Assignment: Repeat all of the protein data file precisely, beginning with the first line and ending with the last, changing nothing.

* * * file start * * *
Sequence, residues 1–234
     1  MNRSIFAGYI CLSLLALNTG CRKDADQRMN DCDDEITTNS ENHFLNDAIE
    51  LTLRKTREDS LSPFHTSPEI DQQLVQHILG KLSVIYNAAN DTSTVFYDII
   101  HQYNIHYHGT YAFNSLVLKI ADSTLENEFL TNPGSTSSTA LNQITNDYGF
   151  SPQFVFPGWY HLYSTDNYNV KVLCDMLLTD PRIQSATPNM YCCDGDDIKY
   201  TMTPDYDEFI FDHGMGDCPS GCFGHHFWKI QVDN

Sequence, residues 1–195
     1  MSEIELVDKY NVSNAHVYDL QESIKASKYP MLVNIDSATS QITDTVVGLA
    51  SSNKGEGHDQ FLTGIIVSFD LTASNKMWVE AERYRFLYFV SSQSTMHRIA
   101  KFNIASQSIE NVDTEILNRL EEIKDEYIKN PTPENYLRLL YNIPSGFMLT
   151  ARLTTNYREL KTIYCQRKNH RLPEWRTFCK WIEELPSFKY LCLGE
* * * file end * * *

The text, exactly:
Sequence, residues 1–234
     1  MNRSIFAGYI CLSLLALNTG CRKDADQRMN DCDDEITTNS ENHFLNDAIE
    51  LTLRKTREDS LSPFHTSPEI DQQLVQHILG KLSVIYNAAN DTSTVFYDII
   101  HQYNIHYHGT YAFNSLVLKI ADSTLENEFL TNPGSTSSTA LNQITNDYGF
   151  SPQFVFPGWY HLYSTDNYNV KVLCDMLLTD PRIQSATPNM YCCDGDDIKY
   201  TMTPDYDEFI FDHGMGDCPS GCFGHHFWKI QVDN

Sequence, residues 1–195
     1  MSEIELVDKY NVSNAHVYDL QESIKASKYP MLVNIDSATS QITDTVVGLA
    51  SSNKGEGHDQ FLTGIIVSFD LTASNKMWVE AERYRFLYFV SSQSTMHRIA
   101  KFNIASQSIE NVDTEILNRL EEIKDEYIKN PTPENYLRLL YNIPSGFMLT
   151  ARLTTNYREL KTIYCQRKNH RLPEWRTFCK WIEELPSFKY LCLGE